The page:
A Moneycontrol report on Tuesday said that banks are staring at a distinct possibility of having to write off a massive amount owed by a single entity or group---Rs 30,000 crore to IL&FS and its byzantine maze of subsidiaries and associates. The IL&FS crisis has been brewing for the last couple of years, yet the villain of the piece has not been recognised.
Contrast this with the Kingfisher Airlines (KFA) banking scam of Rs 9,000 crore perpetrated by the liquor baron Vijay Mallya, the promoter of KFA. He was quickly identified as the villain of the piece and full force of the law brought on him including his extradition from the UK where he is a fugitive now.
The apparent reason why individual responsibility has not been fixed in case of IL&FS is it was promoted by a clutch of public sector insurance companies and banks and financial institutions with no body to be kicked and no soul to be damned. But if Mallya could be identified as the brain behind KFA owned substantially by United Breweries Holding Ltd (UBL) then there is no reason why the men behind the IL&FS fiasco cannot be identified and brought to book.
It is common knowledge that private sector is characterised by corruption and sleight of hand deals whereas the public sector is by sloth and inefficiency. The Life Insurance Corporation (LIC) owns 25.34 percent stake while State Bank o India (SBI) owns 6.42 percent in IL&FS. Orix Corporation of Japan is also one of the largest shareholders of IL&FS with 23.54 percent stake. Abu Dhabi Investment Authority, HDFC and Central Bank of India also hold 12.56 percent, 9.02 percent and 7.67 percent stake respectively.
Promoted in the year 1987, it has been used as a handmaiden by bureaucrats and politicians to line their own pockets through SPVs for various road and other infrastructure projects skewed in favour of the joint venture partner with IL&FS bearing the brunt and getting the rough end of the stick. That this was indeed so is manifest from ex-bureaucrats finding a berth at the helm in most of the SPVs funded by IL&FS.
Strange as it might sound, the public hates corruption but is tolerant of sloth and inefficiency although the bottom line, as hinted by the above Financial Express story, is bureaucratic sloth hid something more sinister. In the event, to expect banks and financial institutions to gird their loins and brace for a massive Rs 30,000 crore hit stoically smacks of throwing in the towel without an offensive against the schemers and perpetrators of IL&FS scam.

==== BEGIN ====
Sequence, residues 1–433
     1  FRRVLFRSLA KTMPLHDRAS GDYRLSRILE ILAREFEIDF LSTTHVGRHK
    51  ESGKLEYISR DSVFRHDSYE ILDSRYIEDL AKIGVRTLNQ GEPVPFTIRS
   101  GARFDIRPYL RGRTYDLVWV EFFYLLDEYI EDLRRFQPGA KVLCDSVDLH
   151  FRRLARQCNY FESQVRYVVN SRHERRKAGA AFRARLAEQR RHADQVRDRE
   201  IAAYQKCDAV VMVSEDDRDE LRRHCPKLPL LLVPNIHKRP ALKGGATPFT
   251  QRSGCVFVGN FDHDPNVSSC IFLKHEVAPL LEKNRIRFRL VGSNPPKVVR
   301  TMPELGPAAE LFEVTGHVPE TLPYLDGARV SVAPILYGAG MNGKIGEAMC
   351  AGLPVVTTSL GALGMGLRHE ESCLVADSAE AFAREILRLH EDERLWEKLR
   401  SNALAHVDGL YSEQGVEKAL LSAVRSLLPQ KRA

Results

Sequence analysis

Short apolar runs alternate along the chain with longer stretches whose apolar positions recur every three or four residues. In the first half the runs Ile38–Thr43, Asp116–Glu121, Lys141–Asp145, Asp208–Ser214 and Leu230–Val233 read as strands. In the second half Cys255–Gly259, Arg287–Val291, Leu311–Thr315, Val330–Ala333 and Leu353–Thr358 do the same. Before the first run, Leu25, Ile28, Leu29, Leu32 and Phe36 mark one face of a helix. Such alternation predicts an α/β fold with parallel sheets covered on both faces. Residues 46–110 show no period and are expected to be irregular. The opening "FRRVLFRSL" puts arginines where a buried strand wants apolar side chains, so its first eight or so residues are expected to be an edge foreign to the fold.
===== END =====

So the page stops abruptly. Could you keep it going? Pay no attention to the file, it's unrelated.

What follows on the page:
Provident and pension funds too put in their money in IL&FS bonds enticed as much by heightened rates of interest as by the AAA rating awarded blithely by Ivy League credit rating agencies. Some 15 lakh employees who are members of these funds are having sleepless nights.
What has brought about this disquiet to the fore is the recent report submitted by Uday Kotak to NCLT that out of the mammoth Rs 91,000 crore debt piled up by the IL&FS group as much as Rs 65,000 crore belongs to the ‘red’ category meaning even secured creditors cannot be paid off. The urgency with which the Fugitive Economic Offences law proceeds against the assets of the perpetrators of the fugitives is not matched by either the Companies Act, 2013 or by the Insolvency and Bankruptcy Code (IBC).
In KFA scam, Vijay Mallya was its face and he stood out for everyone to see. IL&FS alas has turned out to be a faceless scam, as it were. But if it was a spoils system promoted by politicians and bureaucrats, it needs to be investigated and the guilty brought to book even if they turn out to be hundreds of individuals. It is very easy to ask banks to gear themselves for a haircut. IBC in its single-minded focus on quick recovery of dues even at the expense of huge sacrifices by banks is not suited to deal with loot and plundering responsible for the NPAs of banks. Fugitive law is all right for those fleeing the country but for those who stay put, there is no effective mechanism.
(The author is a senior columnist and tweets @smurlidharan)
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Updated Date: Feb 20, 2019 13:59:03 IST